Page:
Maria Sharapova responds to French Open denial: Nothing can stop my dreams

She tried to put up a fearless face by tweeting a somewhat philosophical comment, insisting that "no words, games or actions will ever stop me from reaching my own dreams". "And I have many", Sharapova wrote on Twitter following her snub.

The FFT said it would be wrong to give a wildcard to a player whose failure to qualify for next week's tournament owed to a doping suspension rather than injury. "But it didn't seem possible for me to go above the strong commitment and the respect for the anti-doping code". "I fully support the players that received wildcards and wish them the very best of luck".

"She might be very disappointed, but it's my responsibility, it's my mission to protect the game and protect the high standards of the game", he said.

She recently returned to the tour after serving a 15-month doping ban.

The Russian, a two-time champion at Roland Garros, was informed that her request for entry into the forthcoming grand slam following her recent return from a drugs ban had been rejected on Tuesday.

The decision also drew ire from Steve Simon, the head of the Women's Tennis Association, who vehemently disagreed with the FTF and said Sharpapova "compiled with the sanction imposed". "We can not decide, on the one hand, to increase the amount of funds we dedicate to the anti-doping battle and, on the other, invite her", he said in March.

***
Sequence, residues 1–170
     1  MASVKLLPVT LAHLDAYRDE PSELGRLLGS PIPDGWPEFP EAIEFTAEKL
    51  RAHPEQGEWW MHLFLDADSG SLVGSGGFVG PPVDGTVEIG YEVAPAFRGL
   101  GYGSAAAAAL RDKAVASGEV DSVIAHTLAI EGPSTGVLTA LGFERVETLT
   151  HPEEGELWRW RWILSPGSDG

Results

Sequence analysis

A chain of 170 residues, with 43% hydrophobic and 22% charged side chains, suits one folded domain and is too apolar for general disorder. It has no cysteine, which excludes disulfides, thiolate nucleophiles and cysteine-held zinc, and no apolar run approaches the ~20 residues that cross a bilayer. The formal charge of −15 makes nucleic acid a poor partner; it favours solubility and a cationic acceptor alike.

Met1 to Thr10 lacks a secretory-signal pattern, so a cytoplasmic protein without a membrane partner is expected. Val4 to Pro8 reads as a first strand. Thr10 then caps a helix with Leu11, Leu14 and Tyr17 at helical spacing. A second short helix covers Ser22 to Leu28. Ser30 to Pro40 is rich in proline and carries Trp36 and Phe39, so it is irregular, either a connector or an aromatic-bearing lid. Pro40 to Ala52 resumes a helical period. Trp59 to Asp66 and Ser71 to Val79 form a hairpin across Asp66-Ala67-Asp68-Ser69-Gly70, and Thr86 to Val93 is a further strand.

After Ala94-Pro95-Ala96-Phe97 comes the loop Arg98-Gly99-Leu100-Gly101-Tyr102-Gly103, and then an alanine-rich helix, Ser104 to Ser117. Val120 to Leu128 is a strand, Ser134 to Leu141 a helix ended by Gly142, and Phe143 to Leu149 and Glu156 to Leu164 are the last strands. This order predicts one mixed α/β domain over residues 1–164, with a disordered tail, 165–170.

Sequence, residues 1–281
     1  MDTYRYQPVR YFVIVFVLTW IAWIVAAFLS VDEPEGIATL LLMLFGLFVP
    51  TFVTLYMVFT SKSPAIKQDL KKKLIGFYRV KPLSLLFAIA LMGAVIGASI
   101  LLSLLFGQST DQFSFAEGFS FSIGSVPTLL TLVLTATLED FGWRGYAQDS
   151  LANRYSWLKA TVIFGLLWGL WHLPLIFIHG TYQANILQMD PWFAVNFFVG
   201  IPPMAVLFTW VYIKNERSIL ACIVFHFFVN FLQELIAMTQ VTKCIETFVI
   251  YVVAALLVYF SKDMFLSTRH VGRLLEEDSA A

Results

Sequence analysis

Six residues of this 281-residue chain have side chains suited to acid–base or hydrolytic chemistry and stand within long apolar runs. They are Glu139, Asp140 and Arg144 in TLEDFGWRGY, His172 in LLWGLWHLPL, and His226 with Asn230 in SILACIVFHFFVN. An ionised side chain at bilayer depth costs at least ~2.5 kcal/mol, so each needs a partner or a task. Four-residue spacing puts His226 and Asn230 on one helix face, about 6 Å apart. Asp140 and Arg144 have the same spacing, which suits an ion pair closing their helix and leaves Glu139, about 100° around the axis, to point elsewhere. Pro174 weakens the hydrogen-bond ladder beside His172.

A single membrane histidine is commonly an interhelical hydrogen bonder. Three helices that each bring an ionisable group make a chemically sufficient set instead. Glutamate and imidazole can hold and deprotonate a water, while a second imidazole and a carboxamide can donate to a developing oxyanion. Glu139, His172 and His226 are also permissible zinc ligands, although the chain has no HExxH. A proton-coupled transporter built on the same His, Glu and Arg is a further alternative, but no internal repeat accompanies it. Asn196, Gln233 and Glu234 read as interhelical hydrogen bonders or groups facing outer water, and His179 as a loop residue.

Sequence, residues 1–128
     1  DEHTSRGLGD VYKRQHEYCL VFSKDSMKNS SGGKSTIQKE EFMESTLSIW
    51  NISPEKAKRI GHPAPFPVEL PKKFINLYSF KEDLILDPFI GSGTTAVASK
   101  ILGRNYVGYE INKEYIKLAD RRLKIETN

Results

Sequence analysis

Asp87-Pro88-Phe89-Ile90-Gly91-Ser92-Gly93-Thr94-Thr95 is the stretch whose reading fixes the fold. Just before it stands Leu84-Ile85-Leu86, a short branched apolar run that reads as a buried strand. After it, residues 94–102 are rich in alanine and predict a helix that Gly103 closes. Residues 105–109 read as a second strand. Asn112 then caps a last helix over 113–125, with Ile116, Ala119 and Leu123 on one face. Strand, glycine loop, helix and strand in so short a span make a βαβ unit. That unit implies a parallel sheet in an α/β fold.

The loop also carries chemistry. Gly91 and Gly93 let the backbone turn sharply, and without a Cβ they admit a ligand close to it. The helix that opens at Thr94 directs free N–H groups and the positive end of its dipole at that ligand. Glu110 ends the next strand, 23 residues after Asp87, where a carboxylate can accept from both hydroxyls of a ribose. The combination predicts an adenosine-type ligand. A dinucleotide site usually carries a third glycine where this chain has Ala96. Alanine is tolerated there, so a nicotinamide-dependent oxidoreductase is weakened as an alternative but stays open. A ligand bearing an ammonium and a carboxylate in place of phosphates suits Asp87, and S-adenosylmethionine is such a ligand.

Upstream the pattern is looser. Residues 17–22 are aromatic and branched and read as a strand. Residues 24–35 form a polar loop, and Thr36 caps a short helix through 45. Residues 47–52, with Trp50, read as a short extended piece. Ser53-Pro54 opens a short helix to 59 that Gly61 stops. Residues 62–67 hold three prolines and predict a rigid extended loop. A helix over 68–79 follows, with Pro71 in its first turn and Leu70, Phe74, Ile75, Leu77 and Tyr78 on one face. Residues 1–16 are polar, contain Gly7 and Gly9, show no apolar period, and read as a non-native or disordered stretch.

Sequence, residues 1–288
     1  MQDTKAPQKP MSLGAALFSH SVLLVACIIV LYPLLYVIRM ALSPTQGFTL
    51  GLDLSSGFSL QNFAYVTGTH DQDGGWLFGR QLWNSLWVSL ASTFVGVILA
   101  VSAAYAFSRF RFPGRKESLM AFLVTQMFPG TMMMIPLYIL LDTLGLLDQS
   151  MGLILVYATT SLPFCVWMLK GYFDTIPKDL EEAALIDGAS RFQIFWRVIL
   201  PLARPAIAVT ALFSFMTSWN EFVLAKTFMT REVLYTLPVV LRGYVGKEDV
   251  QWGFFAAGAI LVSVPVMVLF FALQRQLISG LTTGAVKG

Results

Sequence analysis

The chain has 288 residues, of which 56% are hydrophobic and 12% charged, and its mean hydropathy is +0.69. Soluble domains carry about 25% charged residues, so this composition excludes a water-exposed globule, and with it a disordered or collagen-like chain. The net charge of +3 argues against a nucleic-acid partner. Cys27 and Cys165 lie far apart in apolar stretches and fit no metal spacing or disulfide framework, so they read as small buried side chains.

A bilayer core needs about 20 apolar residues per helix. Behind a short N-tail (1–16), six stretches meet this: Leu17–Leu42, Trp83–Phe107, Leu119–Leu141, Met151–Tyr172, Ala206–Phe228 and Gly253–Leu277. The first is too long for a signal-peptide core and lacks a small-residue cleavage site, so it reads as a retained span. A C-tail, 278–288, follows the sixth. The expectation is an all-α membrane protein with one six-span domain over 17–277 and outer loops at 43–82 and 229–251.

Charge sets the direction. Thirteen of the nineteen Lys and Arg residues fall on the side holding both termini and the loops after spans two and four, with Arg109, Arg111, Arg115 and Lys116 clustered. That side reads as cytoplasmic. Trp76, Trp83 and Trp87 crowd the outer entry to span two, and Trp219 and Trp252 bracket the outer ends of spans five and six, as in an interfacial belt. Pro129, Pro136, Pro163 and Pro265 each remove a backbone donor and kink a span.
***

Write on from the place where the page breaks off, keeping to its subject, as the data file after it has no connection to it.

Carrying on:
For Bernard Giudicelli, the fight against doping was more important than Maria Sharapova's popularity.

"She needs to take a step back and reconcile that her return to major tennis is going to have to wait and not be bitter about it".

"The Tennis Anti-Doping Programme (TADP) is a uniform effort supported by the Grand Slams, WTA, ITF and ATP".

Wimbledon, in contrast to the French Open, is likely to have the luxury of knowing that even without offering Sharapova a wild card there is every chance that she will play at the All England Club this summer by winning three matches in the qualifying competition.

The Russian issued a statement afterward that failed to address the French Open and said merely that she hoped her injury "is not serious".

Sharapova tested positive for heart disease drug meldonium at last year's Australian Open.

But the French Tennis Federation (FFT) took the unexpected decision on Tuesday to refuse her entry.

Sharapova, whose ranking has plummeted to 211 leaving her reliant on wildcards, could have earned her spot at Wimbledon by reaching the semi-finals in Italy but retired against Mirjana Lucic-Baroni in the final set with a thigh injury.

Sharapova's return has been rocky and several leading players have criticized tournament directors at WTA events in Stuttgart, Madrid and Rome for offering her a wild card, arguing that she should be awarded no special treatment.

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